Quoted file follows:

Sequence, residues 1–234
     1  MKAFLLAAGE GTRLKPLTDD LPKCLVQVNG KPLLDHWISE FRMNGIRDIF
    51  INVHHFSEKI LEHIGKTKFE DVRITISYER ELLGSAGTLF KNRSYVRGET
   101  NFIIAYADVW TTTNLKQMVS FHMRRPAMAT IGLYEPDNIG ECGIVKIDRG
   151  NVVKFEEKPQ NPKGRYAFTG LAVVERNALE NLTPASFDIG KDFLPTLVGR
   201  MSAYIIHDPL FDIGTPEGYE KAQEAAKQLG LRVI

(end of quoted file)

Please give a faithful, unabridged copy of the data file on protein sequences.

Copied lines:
Sequence, residues 1–234
     1  MKAFLLAAGE GTRLKPLTDD LPKCLVQVNG KPLLDHWISE FRMNGIRDIF
    51  INVHHFSEKI LEHIGKTKFE DVRITISYER ELLGSAGTLF KNRSYVRGET
   101  NFIIAYADVW TTTNLKQMVS FHMRRPAMAT IGLYEPDNIG ECGIVKIDRG
   151  NVVKFEEKPQ NPKGRYAFTG LAVVERNALE NLTPASFDIG KDFLPTLVGR
   201  MSAYIIHDPL FDIGTPEGYE KAQEAAKQLG LRVI